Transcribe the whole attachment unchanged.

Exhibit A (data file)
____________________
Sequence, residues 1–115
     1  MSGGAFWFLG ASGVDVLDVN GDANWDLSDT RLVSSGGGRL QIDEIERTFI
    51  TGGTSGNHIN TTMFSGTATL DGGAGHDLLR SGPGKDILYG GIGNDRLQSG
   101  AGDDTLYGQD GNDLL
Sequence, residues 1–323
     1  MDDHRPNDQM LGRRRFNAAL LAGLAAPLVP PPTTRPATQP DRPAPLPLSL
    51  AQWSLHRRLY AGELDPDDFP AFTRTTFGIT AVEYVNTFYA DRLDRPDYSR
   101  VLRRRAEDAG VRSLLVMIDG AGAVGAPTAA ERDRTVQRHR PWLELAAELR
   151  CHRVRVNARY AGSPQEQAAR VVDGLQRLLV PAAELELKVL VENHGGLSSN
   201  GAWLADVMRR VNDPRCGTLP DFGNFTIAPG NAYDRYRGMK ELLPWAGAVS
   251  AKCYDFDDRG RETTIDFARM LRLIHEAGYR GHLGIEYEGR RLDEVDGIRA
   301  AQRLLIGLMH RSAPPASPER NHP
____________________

Sequence, residues 1–115
     1  MSGGAFWFLG ASGVDVLDVN GDANWDLSDT RLVSSGGGRL QIDEIERTFI
    51  TGGTSGNHIN TTMFSGTATL DGGAGHDLLR SGPGKDILYG GIGNDRLQSG
   101  AGDDTLYGQD GNDLL
Sequence, residues 1–323
     1  MDDHRPNDQM LGRRRFNAAL LAGLAAPLVP PPTTRPATQP DRPAPLPLSL
    51  AQWSLHRRLY AGELDPDDFP AFTRTTFGIT AVEYVNTFYA DRLDRPDYSR
   101  VLRRRAEDAG VRSLLVMIDG AGAVGAPTAA ERDRTVQRHR PWLELAAELR
   151  CHRVRVNARY AGSPQEQAAR VVDGLQRLLV PAAELELKVL VENHGGLSSN
   201  GAWLADVMRR VNDPRCGTLP DFGNFTIAPG NAYDRYRGMK ELLPWAGAVS
   251  AKCYDFDDRG RETTIDFARM LRLIHEAGYR GHLGIEYEGR RLDEVDGIRA
   301  AQRLLIGLMH RSAPPASPER NHP